Giải Pháp


Air flotation has been used for many years in the beneficiation of ores. Its first application in the wastewater-treatment field was in the flotation of suspended solids (SS), fibers, and other low-density solids. Flotation also is used for the thickening of activated sludge and flocculated chemical sludges. More recently, air flotation has been applied to the removal of oils and greases from wastewater because it is a practical, reliable, and efficient treatment
Air flotation is widely used to treat wastes from a wide variety of sources: paper making, refineries, ship’s bilge and ballast waste, deinking operations, metal plating, meat processing, laundries, iron and steel plants, soap manufacturing, chemical processing and manufacturing plants, barrel and drum cleaning, washrack and equipment maintenance, glass plants, soybean processing, mill waste, and aluminum forming.

The process of flotation consists of four basic steps:
1. Bubble generation in the wastewater
2. Contact between the gas bubble and the particle or oil droplet suspended in the water
3. Attachment of the particle or oil droplet to the gas bubble
4. Rise of the air/solids combination to the surface where the floated material are skimmed off


The overall objectives of the biological treatment of wastewater are to:

  1. Transform dissolved and particulate biodegradable constituents into acceptable end products,
  2. Capture and incorporate suspended and nonsettleable colloidal solids into a biological floc or biofilm,
  3. Transform or remove nutrients, such as nitrogen and phosphorus,
  4. In some cases, remove specific trace organic constituents and compounds. For industrial wastewater, the objective is to remove or reduce the concentration of organic and inorganic compounds. Because some of the constituents and compounds found in industrial wastewater are toxic to microorganisms, pretreatment may be required before the industrial wastewater can be discharged to a municipal collection system. For agricultural irrigation return wastewater, the objective is to remove nutrients, specifically nitrogen and phosphorus, that are capable of stimulating the growth of aquatic plants.

Chemical processes, in conjunction with various physical operations, have been developed for the complete secondary treatment of untreated wastewater, including the removal of either nitrogen or phosphorus or both. Chemical processes have also been developed to remove phosphorus by chemical precipitation, and are designed t be used in conjunction with biological treatment. Other chemical processes have been developed for the removal of heavy metals and for specific organic compounds and for the advanced treatment of wastewater. Currently the most important applications of chemical unit processes in wastewater treatment are for:

  1. The disinfection of wastewater.
  2. The precipitation of phosphorus.
  3. The coagulation of particulate matter found in wastewater at various stages in the treatment process.

Gravity separation of solids from liquid, producing a clarified overflow and a thickened solids underflow, has long been used in the wastewater treatment industry. Often, the terms clarification and thickening or sedimentation are used to describe gravity separation unit operations, depending on if the process focus, or objective, is on the clarified liquid or the thickened solids, respectively.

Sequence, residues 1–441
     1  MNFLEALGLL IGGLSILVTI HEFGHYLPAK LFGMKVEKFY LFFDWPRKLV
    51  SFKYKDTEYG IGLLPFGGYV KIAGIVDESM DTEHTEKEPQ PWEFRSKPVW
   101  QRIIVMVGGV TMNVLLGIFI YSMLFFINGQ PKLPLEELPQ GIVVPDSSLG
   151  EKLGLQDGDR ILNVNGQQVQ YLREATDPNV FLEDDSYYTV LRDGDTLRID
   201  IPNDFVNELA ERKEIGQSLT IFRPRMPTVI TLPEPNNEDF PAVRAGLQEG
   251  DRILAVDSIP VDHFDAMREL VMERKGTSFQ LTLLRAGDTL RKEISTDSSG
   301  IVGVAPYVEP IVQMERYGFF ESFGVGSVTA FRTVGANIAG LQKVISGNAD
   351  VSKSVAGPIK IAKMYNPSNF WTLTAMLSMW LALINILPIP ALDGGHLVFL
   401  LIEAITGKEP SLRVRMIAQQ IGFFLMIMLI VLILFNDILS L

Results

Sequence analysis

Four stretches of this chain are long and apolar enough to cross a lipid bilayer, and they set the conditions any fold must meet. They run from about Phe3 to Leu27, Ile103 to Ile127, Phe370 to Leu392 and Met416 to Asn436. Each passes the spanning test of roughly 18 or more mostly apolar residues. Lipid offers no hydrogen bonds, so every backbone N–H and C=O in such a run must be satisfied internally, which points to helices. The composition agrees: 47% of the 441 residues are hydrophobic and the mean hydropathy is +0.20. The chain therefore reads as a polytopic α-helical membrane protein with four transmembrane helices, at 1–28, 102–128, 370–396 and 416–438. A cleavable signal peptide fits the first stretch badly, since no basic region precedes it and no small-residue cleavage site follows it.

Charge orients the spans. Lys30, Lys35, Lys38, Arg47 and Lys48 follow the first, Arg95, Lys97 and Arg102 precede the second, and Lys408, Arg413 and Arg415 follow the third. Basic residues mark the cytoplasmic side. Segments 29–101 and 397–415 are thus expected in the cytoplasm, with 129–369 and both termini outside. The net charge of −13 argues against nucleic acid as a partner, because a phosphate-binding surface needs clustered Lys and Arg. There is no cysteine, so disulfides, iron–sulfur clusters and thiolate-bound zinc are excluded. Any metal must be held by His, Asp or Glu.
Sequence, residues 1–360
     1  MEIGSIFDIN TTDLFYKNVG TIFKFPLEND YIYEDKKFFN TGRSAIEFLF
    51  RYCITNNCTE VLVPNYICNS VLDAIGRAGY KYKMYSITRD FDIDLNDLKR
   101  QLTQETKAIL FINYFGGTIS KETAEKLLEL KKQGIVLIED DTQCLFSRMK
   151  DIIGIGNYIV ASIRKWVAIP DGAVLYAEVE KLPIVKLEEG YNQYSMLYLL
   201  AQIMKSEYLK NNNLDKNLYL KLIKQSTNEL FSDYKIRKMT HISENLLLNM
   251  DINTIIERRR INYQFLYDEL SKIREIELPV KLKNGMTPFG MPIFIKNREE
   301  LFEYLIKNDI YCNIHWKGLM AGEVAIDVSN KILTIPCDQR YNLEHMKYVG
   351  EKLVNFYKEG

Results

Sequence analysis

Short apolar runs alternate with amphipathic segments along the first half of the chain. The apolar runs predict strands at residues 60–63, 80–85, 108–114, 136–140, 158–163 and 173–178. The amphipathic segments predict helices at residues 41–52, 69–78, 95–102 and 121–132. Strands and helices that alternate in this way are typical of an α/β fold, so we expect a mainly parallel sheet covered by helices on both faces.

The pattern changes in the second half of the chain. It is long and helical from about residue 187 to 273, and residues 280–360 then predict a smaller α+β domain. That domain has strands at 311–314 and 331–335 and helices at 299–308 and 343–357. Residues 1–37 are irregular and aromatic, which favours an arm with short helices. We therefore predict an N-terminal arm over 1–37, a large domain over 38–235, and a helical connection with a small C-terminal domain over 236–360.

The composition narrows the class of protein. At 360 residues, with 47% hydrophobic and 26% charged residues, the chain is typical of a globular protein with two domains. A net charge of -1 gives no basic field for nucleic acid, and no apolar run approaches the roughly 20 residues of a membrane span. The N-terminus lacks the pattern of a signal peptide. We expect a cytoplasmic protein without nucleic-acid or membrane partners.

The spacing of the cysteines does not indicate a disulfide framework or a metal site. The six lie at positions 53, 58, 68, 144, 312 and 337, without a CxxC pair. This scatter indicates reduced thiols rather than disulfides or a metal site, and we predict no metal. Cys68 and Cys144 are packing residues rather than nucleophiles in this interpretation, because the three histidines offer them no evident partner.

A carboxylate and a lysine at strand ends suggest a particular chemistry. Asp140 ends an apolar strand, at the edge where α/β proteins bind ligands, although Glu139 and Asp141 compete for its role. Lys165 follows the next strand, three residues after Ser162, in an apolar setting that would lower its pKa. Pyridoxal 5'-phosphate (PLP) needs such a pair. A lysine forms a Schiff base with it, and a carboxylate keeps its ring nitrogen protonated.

The process objective of primary clarifiers is to remove settleable TSS, whether these solids already exist in the raw wastewater or if they are precipitated solids generated as a result of chemical addition for enhanced suspended solids, phosphorus, or heavy metal removal.

The function of a final clarifier is clarification, which is a solids-separation process that results in the removal of biological floc from the liquid stream. During the subsequent thickening process, sludge particles are conveyed to the bottom of the tank, resulting in a concentrated underflow (RAS).


Filtration involves the separation of particulate and colloidal matter from a liquid. In membrane filtration the range of particle sizes is extended to include dissolved constituents. The role of the membrane is to serve as a selective barrier that will allow the passage of certain constituents and will retain other constituents found in the liquid.

Membrane processes include microfiltration (MF), ultrafiltration (UF), nanofiltration (NF), reverse osmosis (RO), dialysis, and electrodialysis (ED).


Granular filtration involves the removal of particulate material suspended in a liquid by passing the liquid through a filter bed comprised of a granular or compressible filter medium. Although granular filtration is one of the principal unit operation used in the treatment of potable water, the filtration of effluents from wastewater treatment processes is becoming more common. Granular filtration is now used to achieve supplemental removals of suspended solids from wastewater effluents of biological and chemical treatment processes to reduce the mass discharge of solids and, perhaps more importantly, as a conditioning step that will allow for the effective disinfection of the filtered effluent. Granular filtration is also used as a pretreatment step for membrane filtration.

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